The impact of duration of labor induction on cesarean rate

Kenneth A. Michelson, Darcy B. Carr, Thomas R. Easterling*

*Corresponding author for this work

Research output: Contribution to journalArticlepeer-review

26 Scopus citations


Objective: We sought to determine maternal factors that influence success of labor induction and whether the probability of cesarean delivery changed with time during induction. Study Design: We performed a retrospective cohort study of 1650 singleton pregnancies induced at a gestation of 37 weeks or longer, with birthweights of 2500 g or greater, and without congenital anomalies. We used multivariate logistic regression to calculate odds ratios for cesarean. Results: Nulliparity (odds ratio [OR] 7.8, 95% confidence interval [CI] 5.7 to 11), hypertension (OR 1.4, 95% CI 1.1 to 1.8), diabetes (OR 2.2, 95% CI 1.6 to 3.1), maternal age 28.8 years old or older (OR 1.3, 95% CI 1.2 to 1.4), and birthweight of 3441 g or greater (OR 1.6, 95% CI 1.2 to 2.0) were significantly associated with cesarean. Cesarean risk increased linearly with time by an average of 3.8% per 6 hours. Conclusion: Risk of cesarean increases over the duration of induction but does not reach clinical certainty. Cesarean probability is greater with nulliparity, hypertension, diabetes, older maternal age, or higher birthweight. Inductions without stated indications may not carry an increased risk of cesarean.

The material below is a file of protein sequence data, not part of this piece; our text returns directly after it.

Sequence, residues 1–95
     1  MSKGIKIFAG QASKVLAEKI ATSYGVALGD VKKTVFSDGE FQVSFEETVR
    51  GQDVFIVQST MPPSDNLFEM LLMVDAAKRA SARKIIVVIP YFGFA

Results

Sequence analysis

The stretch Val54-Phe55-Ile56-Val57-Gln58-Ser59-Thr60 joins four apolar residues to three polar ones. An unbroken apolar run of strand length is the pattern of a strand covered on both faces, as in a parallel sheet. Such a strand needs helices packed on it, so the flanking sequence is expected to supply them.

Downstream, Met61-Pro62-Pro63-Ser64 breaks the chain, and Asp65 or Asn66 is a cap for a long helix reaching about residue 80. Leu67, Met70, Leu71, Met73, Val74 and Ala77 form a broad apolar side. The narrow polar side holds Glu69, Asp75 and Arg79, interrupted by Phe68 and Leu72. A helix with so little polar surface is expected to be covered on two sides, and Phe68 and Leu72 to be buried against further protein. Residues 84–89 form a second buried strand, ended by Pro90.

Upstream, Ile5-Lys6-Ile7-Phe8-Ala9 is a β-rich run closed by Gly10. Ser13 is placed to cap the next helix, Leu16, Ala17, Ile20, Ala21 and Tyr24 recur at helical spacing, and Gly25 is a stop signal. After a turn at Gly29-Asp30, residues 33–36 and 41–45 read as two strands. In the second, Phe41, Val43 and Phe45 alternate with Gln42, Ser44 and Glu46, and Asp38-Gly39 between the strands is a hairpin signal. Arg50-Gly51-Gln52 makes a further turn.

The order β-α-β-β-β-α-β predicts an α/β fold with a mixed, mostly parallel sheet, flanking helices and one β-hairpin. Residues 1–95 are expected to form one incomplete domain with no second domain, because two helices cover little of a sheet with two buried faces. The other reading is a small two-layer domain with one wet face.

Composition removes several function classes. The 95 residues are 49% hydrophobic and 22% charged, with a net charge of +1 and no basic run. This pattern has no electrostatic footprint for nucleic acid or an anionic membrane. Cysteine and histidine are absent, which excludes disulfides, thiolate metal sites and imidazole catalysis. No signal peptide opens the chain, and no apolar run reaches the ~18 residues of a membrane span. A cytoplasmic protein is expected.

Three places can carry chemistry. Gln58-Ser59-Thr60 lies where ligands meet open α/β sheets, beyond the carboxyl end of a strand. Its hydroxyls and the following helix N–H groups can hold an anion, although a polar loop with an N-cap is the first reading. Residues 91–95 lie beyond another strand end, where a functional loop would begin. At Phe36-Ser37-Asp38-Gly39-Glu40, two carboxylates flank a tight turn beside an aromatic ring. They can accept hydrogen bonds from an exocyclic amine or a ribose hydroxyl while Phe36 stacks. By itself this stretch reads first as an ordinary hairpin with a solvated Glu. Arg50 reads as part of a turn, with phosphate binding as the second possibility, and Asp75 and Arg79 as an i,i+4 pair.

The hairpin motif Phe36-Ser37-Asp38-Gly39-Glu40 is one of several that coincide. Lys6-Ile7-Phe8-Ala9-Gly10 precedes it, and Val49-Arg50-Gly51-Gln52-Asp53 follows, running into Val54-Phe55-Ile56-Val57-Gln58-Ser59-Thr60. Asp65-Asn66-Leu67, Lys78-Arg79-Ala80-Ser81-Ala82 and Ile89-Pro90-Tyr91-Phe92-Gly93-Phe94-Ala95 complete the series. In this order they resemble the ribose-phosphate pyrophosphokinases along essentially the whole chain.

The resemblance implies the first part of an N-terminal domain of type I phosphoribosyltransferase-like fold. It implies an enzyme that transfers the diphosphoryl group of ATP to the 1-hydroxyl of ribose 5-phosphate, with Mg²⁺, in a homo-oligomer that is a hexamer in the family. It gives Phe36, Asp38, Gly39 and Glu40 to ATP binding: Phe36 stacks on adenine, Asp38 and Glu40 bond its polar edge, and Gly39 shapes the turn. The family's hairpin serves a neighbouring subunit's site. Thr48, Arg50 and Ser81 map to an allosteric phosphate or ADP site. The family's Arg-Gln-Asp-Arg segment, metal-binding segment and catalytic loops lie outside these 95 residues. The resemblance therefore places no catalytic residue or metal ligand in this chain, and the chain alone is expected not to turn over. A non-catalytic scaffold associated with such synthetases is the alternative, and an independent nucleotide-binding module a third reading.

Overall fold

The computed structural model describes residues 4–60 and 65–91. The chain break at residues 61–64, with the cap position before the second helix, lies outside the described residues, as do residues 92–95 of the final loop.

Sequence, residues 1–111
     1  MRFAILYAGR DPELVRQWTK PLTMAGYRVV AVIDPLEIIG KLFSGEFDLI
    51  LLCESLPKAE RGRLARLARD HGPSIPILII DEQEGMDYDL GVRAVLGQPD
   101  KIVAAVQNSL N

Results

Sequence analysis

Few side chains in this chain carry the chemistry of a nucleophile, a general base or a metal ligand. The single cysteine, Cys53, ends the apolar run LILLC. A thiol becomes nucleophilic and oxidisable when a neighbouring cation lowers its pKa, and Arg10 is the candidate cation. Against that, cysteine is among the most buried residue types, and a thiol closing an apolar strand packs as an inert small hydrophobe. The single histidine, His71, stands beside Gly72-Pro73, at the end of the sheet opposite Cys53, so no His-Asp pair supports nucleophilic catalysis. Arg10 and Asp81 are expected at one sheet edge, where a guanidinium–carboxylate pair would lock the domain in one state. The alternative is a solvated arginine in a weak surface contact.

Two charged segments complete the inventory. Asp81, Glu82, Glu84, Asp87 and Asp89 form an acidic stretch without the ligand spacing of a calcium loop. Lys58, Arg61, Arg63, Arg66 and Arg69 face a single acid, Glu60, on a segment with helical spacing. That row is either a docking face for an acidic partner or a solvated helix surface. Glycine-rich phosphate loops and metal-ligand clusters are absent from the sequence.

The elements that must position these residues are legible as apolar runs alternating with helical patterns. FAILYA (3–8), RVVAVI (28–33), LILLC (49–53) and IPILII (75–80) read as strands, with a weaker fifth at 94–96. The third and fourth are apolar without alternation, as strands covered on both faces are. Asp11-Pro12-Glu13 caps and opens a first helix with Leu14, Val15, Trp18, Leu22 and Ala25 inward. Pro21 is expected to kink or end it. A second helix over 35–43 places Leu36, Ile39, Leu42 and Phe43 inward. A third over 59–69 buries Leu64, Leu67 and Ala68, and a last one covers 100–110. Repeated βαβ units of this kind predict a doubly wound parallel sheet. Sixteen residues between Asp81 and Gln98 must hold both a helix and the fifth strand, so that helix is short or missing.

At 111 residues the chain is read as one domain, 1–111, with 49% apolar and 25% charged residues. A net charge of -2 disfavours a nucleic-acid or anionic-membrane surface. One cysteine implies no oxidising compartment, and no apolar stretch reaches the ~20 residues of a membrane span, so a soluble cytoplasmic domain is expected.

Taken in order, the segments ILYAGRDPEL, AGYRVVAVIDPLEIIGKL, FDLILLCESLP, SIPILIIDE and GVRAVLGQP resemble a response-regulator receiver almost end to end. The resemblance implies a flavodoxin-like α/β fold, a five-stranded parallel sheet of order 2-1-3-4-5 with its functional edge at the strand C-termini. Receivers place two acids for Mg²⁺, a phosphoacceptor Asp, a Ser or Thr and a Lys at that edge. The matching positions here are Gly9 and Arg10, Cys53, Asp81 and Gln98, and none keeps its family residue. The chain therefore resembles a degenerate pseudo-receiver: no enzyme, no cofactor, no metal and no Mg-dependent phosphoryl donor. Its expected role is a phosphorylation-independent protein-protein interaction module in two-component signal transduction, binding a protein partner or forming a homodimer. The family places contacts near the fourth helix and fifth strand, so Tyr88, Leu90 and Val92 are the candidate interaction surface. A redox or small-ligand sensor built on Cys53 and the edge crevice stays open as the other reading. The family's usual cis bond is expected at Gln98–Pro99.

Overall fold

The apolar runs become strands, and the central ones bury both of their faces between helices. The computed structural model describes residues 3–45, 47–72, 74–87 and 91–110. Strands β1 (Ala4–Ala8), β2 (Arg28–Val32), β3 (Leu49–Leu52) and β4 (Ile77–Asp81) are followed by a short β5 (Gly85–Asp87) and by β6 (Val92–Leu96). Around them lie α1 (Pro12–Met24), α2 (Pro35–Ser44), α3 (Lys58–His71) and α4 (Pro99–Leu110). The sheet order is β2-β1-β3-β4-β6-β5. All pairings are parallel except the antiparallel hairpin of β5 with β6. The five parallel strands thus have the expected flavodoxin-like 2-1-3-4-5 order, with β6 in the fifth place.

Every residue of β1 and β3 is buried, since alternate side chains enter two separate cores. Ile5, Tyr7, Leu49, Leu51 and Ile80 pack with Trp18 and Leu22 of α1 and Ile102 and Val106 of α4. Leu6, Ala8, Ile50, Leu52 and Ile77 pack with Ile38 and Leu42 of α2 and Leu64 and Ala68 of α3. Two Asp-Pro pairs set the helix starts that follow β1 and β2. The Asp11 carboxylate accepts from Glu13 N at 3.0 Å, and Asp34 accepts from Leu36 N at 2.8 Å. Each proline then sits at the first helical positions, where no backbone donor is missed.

Original languageEnglish (US)
Pages (from-to)299.e1-299.e4
JournalAmerican journal of obstetrics and gynecology
Issue number3
StatePublished - Sep 2008


  • cesarean rate
  • labor induction
  • obstetrics epidemiology

ASJC Scopus subject areas

  • Obstetrics and Gynecology


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